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How can backdating be a good thing?

Commentator Robert Reich

TEXT OF COMMENTARY

TESS VIGELAND: More than 60 companies have disclosed investigations into whether they've backdated executive stock options to coincide with days when their stock prices were low. Forty grand juries are involved in the probes. The corporate scandal du jour has sparked a raft of shareholder lawsuits, and at least 17 people have quit or been fired in connection with the investigations. Now comes word the Securities and Exchange Commission plans to take action. Commentator Robert Reich advises not to hold our breath.


ROBERT REICH: Christopher Cox, chairman of the SEC, says the agency is poised to bring the first option-backdating case. But it's unclear exactly what the SEC will find to be illegal.

Cox says forging documents and lying to corporate directors and shareholders about option grants could be the basis of criminal as well as civil charges.

But Cox's fellow SEC Commissioner, Paul Atkins, argued in a recent speech that companies who manipulate the timing of their executive options may not even be guilty of violating securities laws.

According to Atkins' logic, timing an award of options so they can be exercised just before the company issues a positive quarterly earnings report that raises share values does create a windfall for executives.

But precisely because of this windfall, companies are able to compensate their executives more cheaply. They can issue fewer stock options or provide lower salaries. So by timing stock options this way, argues Atkins, companies end up saving money, and investors pocket the savings.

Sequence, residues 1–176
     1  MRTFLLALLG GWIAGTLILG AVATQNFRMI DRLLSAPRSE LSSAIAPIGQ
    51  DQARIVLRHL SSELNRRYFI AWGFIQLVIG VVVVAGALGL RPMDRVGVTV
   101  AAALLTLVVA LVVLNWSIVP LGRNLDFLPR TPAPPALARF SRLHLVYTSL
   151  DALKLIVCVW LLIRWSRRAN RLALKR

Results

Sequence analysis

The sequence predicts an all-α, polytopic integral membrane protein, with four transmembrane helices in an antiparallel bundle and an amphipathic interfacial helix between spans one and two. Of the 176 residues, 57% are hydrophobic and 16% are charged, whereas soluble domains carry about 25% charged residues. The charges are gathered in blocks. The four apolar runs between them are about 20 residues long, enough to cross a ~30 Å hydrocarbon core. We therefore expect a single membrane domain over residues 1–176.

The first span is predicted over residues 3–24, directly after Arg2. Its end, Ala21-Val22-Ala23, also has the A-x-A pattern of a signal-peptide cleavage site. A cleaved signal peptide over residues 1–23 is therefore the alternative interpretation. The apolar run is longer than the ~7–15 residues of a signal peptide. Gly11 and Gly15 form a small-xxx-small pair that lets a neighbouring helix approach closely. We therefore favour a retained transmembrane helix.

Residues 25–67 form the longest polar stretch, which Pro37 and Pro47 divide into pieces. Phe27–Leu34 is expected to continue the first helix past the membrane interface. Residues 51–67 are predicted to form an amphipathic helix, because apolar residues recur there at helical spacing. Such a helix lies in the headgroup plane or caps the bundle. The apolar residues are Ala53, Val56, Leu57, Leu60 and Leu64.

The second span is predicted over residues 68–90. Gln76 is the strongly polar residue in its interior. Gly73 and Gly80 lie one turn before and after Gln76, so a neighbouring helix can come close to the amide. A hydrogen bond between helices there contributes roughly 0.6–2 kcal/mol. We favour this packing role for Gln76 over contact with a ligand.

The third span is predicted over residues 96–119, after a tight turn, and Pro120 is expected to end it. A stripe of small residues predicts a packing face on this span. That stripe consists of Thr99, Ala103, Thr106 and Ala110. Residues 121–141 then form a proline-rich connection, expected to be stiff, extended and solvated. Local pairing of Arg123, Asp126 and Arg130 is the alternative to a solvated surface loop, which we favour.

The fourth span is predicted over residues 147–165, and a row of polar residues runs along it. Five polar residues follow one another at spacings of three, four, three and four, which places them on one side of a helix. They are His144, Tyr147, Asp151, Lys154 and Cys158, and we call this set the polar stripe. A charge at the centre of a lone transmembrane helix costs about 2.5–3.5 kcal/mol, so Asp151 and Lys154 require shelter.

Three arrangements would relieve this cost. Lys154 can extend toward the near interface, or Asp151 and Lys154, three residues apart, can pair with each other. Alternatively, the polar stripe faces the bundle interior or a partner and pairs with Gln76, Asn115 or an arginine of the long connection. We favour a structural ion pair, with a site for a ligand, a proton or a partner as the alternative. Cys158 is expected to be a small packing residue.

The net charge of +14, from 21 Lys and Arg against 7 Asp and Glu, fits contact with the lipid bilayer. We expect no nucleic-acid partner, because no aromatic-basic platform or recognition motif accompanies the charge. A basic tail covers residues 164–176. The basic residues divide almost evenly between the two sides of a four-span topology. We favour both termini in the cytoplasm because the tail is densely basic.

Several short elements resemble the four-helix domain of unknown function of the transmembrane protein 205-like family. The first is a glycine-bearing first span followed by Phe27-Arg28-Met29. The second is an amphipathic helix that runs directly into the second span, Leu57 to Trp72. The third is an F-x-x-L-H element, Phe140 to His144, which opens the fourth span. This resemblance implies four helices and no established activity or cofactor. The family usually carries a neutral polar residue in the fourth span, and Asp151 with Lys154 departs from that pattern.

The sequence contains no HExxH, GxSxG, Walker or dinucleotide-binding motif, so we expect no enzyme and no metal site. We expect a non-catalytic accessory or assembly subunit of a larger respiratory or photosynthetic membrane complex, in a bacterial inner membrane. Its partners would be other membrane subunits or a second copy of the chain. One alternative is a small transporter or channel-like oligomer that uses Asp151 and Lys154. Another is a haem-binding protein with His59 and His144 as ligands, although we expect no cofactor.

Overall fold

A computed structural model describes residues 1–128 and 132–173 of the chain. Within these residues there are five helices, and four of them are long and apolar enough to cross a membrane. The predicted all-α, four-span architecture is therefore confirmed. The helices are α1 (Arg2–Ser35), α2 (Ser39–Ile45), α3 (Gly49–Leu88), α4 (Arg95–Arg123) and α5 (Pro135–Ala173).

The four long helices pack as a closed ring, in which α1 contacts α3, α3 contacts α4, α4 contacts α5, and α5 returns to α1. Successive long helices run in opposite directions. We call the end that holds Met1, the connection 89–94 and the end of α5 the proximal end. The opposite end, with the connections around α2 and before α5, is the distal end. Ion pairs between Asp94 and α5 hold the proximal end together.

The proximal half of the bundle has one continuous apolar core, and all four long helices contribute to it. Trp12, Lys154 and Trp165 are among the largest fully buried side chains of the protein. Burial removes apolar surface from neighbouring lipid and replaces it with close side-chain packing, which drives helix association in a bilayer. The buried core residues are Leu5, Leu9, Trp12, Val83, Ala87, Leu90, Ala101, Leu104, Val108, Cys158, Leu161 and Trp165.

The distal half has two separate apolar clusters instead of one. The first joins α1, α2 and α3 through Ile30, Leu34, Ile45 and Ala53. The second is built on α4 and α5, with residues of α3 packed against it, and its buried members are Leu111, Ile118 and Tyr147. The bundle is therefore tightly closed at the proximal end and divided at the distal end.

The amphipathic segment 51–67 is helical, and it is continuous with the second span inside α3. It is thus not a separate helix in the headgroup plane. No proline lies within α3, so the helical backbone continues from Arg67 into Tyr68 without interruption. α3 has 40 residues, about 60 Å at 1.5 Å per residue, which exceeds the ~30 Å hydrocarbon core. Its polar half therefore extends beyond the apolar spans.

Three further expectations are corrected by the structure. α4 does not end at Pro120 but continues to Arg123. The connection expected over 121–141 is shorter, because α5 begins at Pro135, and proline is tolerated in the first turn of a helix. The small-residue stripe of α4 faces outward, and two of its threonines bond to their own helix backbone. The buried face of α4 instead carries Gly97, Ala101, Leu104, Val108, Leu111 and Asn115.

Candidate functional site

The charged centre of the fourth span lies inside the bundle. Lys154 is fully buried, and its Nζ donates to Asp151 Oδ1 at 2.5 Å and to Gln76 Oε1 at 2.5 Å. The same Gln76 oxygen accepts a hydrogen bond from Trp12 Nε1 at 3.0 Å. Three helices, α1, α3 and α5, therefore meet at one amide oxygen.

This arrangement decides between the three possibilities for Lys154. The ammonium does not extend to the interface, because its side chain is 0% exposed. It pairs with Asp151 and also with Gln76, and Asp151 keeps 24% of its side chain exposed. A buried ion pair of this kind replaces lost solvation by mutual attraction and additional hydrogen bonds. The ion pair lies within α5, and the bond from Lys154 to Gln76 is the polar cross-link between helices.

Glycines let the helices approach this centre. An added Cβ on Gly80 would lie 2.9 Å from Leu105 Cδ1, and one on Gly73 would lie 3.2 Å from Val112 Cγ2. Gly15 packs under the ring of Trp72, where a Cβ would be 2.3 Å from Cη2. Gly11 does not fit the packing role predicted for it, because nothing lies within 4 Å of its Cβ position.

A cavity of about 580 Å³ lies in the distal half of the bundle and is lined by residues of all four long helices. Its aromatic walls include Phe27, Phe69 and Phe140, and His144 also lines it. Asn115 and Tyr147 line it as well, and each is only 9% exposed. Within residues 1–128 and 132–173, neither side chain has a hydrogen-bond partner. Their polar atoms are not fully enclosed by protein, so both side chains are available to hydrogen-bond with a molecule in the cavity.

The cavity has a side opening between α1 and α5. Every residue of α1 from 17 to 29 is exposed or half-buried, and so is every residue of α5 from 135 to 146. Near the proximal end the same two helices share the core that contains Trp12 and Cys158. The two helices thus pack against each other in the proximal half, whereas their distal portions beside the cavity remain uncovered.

Well extending this logic, Atkins' argument would make backdating completely legal. Backdating creates a huge executive windfall, which means companies can get by with even lower executive compensation costs.

But Atkins' logic is it completely ignores the purpose of executive stock options in the first place. They're supposed better align executive incentives with the interests of investors, inducing executives to work harder to raise share prices.

Yet stock options have this effect only if executives don't know what their option will be worth in the future.

If they can go back in time and pick a date when the share price was especially low relative to what it is now or will surely be when a positive quarterly earnings report is issued, the incentive disappears because the future is no longer the future. It's the past.

If the incentive that's supposed to be in a stock option disappears, shareholders are worse off. More stock has been issued, which dilutes the value of their own shares. And they get nothing in return.

Anyone who believes companies will reduce executive compensation by the inflated value of a stock option has not been paying much attention to what's happened to executive compensation in recent years.

So will SEC follow Commissioner Atkins' illogic? I don't know, but when I find out, I'm going to back date my answer to make it sound like I knew all along.

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